A couple weeks back I posted a collection of articles addressing the nature of edtech ambassador programs and topics related to the evolving relationships between educators and the edtech industry. Here is my take on the issue.
As many of us have witnessed, discussion about edtech companies and their relationships with teachers has heated up across the country. Although this issue has been around for a while now, it has recently come to the forefront in many school communities following a New York Times article published a few weeks ago that took a particular stance on the issue.
Over the past few weeks, I have spent some time researching the issue from multiple angles. I quickly discovered how nuanced of an issue this is and how these discussions go well beyond the scope of any one particular "ambassador" program.
What is the value of a professional learning network? And how can we make the most of these networks to actually learn in deep and profound ways?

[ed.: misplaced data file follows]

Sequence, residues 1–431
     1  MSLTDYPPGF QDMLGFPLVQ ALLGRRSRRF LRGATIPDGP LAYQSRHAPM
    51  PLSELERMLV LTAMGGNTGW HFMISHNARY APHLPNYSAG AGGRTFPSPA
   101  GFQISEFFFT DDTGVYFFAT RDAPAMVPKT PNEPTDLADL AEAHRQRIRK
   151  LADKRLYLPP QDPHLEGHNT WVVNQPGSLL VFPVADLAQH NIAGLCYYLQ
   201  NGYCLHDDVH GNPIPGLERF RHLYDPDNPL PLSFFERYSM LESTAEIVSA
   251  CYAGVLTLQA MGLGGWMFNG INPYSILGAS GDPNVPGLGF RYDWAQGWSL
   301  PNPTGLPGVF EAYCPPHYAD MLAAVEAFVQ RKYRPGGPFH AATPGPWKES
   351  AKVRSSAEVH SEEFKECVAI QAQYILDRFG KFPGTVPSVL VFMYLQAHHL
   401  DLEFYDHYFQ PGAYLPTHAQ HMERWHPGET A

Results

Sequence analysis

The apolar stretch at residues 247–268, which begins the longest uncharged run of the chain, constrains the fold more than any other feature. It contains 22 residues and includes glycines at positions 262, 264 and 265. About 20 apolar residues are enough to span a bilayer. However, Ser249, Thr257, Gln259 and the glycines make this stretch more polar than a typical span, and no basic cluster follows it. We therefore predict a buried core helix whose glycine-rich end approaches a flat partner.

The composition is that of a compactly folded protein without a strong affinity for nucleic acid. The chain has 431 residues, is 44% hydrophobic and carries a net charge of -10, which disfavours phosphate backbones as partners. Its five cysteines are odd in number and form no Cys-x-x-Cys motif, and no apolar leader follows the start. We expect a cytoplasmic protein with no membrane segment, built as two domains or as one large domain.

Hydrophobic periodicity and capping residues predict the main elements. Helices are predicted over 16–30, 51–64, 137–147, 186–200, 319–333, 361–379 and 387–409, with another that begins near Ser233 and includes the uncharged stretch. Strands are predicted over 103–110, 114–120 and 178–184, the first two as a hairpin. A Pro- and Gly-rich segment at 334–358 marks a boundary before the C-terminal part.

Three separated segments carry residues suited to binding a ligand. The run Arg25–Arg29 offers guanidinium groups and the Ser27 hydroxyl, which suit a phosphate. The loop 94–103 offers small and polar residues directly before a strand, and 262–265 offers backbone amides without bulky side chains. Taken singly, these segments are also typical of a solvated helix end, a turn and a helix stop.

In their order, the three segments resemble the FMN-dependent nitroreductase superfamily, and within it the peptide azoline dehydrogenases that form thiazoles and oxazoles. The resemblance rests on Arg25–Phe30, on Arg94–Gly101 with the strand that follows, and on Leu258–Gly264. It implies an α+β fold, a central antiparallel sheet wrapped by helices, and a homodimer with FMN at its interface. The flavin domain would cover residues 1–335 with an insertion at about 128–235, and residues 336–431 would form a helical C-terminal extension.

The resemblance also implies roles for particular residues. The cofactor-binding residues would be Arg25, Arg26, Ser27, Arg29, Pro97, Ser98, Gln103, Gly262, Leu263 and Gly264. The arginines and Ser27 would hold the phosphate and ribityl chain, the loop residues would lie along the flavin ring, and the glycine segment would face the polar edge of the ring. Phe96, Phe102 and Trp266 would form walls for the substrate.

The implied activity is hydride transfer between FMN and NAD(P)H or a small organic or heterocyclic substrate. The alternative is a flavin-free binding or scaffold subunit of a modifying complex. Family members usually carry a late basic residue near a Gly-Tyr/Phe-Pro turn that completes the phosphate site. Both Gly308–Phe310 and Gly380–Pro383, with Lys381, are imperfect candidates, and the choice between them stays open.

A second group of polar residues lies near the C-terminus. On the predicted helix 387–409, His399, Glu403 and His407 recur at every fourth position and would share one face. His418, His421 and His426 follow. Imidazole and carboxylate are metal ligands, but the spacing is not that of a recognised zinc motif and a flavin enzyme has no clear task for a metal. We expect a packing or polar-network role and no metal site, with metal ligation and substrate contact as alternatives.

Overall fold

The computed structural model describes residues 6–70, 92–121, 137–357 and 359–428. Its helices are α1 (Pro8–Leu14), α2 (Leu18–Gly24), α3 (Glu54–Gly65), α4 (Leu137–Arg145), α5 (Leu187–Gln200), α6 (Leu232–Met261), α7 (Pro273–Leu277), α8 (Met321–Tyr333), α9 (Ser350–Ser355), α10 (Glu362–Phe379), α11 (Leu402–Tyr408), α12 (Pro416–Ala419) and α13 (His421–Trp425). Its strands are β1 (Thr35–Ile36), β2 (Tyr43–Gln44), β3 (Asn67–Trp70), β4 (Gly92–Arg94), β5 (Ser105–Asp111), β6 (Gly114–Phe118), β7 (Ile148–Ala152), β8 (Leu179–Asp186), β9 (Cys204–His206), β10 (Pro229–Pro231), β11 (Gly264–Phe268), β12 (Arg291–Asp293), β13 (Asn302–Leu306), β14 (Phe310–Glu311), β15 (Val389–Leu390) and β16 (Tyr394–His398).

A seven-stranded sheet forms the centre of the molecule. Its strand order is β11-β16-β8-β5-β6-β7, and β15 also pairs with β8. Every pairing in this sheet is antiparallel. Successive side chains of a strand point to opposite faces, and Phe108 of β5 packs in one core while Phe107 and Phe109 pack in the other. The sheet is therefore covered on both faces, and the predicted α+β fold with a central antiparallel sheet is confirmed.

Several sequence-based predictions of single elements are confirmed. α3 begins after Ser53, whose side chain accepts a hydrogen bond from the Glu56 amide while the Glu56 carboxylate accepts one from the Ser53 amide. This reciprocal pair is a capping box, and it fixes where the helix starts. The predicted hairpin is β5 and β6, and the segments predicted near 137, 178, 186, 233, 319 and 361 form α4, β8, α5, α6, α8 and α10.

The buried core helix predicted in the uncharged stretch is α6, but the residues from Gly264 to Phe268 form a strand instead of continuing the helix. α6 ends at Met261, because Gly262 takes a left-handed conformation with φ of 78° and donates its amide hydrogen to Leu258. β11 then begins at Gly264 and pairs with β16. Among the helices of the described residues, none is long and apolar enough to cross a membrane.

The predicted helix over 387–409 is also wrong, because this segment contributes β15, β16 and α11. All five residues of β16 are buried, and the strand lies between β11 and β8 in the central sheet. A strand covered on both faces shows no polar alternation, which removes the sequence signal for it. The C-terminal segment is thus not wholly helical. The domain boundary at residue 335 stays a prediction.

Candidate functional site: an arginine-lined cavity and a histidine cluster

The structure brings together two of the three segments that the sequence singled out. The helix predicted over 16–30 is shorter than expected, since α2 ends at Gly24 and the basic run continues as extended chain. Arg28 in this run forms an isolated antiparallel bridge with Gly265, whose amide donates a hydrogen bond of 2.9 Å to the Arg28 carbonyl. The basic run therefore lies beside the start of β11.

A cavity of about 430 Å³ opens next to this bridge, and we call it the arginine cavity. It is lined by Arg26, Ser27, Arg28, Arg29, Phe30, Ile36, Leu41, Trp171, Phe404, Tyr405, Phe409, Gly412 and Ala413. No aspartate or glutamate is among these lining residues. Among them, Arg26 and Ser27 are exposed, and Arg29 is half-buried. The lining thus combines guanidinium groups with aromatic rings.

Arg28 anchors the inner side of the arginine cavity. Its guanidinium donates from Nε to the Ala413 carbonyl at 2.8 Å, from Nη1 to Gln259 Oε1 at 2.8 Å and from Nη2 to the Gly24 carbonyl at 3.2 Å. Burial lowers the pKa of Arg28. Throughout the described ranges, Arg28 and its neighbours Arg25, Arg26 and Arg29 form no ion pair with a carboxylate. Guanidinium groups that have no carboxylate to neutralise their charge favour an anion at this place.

These are questions that I have been grappling with, particularly since the way that many educators (myself included) have been engaging with our networks lately. From my perspective, it has shifted quite a bit, and not always for the better.
Like many districts across the nation, Rhode Island’s Bristol Warren Regional School District (BWRSD) has a firm understanding of best practice and current research. However, the difficulty in scaling any innovation is converting the theory into action. To overcome this, BWRSD has adopted the Future Ready Schools® (FRS) framework, a systematic approach to scaling innovative digital learning practices while promoting long-term sustainability. This transition to digital learning affords BWRSD the opportunity to provide greater clarity and coherence regarding the district’s vision of teaching and learning. At BWRSD, we have used the opportunity to develop and communicate a new, shared vision of personalized instruction that fosters deeper learning for all students.